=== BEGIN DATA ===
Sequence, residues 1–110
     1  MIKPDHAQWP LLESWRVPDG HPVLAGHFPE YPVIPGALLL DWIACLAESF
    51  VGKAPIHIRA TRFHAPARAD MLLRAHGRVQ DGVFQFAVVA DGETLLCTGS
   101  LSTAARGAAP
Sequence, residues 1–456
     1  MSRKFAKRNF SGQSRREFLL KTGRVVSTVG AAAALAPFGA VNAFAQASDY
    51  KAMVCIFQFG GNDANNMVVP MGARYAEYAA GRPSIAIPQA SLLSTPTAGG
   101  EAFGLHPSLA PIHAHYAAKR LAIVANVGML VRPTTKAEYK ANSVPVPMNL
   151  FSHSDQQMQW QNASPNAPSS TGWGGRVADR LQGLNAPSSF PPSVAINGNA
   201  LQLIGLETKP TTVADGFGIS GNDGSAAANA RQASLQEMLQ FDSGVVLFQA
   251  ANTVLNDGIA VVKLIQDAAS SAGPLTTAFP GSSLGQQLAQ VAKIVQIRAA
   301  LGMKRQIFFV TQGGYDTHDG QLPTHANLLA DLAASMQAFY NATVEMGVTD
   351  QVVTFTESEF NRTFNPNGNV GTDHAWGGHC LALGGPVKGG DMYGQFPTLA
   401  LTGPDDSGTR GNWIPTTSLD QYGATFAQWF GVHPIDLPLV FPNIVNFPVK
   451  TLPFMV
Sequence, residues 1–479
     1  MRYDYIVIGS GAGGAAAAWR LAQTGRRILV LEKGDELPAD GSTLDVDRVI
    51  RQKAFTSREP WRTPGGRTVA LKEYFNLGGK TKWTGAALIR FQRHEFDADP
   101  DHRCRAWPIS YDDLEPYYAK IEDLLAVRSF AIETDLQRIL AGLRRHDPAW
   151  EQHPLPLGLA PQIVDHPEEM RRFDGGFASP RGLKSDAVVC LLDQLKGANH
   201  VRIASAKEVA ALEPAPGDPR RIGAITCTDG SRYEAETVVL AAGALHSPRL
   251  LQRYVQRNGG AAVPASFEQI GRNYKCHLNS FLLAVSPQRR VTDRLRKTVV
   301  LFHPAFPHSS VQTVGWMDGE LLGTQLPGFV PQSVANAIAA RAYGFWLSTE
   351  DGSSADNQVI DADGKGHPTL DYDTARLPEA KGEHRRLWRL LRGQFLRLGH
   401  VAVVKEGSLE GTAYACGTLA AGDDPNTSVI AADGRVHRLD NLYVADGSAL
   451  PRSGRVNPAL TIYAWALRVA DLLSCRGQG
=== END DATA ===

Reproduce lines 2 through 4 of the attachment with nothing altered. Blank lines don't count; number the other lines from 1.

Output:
     1  MIKPDHAQWP LLESWRVPDG HPVLAGHFPE YPVIPGALLL DWIACLAESF
    51  VGKAPIHIRA TRFHAPARAD MLLRAHGRVQ DGVFQFAVVA DGETLLCTGS
   101  LSTAARGAAP